Vermont socialist Bernie Sanders will be breaking from the Democratic Party and running for president as a third party, a move that "would all but guarantee a catastrophic split in the Democratic vote and ensure a Republican victory," Ed Klein confidential reports,
citing sources inside Sanders' campaign.
"Sources say Sanders believes that despite his ever-growing crowds of fired-up supporters, he'll never overcome Hillary's — or, for that matter, (Vice President Joe) Biden's — advantage in money, organization and endorsements," Klein writes.
"In Bernie's opinion, Hillary is owned by Wall Street and is a hawk," according to a source characterized by the political columnist as a "Sanders' top campaign officials."
"The decision hasn't been made when to make the announcement to go independent," according to the source, thought it's likely to occur when Clinton "starts piling up delegates with the help of Wall Street money and her formidable ground operation."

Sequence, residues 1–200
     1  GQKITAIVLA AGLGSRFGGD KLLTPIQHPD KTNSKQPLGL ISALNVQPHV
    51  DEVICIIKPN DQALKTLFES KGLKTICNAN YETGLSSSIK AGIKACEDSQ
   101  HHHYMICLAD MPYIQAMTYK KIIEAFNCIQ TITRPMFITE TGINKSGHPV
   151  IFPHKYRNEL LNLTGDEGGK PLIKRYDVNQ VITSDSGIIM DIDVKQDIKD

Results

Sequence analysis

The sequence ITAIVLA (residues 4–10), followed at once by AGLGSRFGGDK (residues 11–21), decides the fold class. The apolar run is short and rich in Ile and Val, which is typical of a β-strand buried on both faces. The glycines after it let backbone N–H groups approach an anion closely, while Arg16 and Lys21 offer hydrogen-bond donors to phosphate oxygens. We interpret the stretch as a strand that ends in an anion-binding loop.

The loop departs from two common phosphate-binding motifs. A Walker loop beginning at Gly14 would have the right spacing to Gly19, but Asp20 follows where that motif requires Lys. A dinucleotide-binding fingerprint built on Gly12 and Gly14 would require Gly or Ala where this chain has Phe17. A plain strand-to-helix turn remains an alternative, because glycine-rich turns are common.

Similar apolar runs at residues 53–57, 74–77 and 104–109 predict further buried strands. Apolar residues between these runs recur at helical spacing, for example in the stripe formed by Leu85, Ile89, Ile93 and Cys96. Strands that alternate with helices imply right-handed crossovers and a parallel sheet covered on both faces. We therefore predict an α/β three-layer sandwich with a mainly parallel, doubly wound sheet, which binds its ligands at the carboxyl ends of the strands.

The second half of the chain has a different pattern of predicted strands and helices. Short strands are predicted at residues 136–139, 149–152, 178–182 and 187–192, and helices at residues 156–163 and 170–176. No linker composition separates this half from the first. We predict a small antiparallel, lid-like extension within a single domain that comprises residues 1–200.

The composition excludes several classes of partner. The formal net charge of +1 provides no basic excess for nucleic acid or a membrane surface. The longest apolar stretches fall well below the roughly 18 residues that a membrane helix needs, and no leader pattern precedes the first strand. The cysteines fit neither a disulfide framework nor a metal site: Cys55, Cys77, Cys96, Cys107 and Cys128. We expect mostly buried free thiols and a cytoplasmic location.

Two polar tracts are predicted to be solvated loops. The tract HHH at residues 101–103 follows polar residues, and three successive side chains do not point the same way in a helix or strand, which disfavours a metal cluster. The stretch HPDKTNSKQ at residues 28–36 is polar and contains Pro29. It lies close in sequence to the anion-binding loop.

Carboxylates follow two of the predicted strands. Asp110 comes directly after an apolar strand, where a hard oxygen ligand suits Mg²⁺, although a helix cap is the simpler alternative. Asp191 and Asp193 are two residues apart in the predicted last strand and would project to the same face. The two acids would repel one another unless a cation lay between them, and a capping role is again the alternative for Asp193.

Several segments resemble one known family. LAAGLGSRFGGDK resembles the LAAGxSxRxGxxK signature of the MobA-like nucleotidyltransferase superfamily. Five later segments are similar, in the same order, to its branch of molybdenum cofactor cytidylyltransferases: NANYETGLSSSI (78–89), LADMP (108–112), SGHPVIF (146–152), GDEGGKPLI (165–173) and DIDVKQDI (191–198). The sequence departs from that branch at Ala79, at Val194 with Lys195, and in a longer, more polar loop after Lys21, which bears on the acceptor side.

"Right now, things are going great and he very well may upset Hillary in the New Hampshire primary."
Public Policy Polling's
newest New Hampshire data found that Sanders, who holds a U.S. Senate seat as an independent, leads Clinton in the Granite State by a margin of 42 percent to 35 percent, quite a turnaround since an April survey.
"The main story in New Hampshire is how universally popular Sanders has become with the Democratic electorate," according to Public Policy Polling. "Seventy-eight percent see him favorably to only 12 percent with a negative opinion — that makes him easily the most popular candidate on either side with their party's voters.
"Meanwhile Hillary Clinton's favorability numbers have taken a little bit of a hit — she was at 78/10 with Democratic primary voters in April, but now she's at a 63/25 spread."
Should Sanders run as an independent, it would be in direct contrast to previous statements to the contrary. In late July, The Hill reported
that during a speech at the Newseum in Washington, Sanders explicitly vowed not to seek the White House as an independent if he fails to capture the Democratic nomination.
"I would not want to be responsible for electing some right-wing Republican president," Sanders said at the time.
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